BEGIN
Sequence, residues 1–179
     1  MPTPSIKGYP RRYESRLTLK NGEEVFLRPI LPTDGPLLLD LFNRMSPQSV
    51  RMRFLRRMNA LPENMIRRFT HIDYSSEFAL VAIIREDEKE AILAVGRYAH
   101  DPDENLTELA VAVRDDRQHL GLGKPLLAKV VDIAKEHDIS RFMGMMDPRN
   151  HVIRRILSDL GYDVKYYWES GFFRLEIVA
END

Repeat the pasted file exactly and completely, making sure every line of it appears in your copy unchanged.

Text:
Sequence, residues 1–179
     1  MPTPSIKGYP RRYESRLTLK NGEEVFLRPI LPTDGPLLLD LFNRMSPQSV
    51  RMRFLRRMNA LPENMIRRFT HIDYSSEFAL VAIIREDEKE AILAVGRYAH
   101  DPDENLTELA VAVRDDRQHL GLGKPLLAKV VDIAKEHDIS RFMGMMDPRN
   151  HVIRRILSDL GYDVKYYWES GFFRLEIVA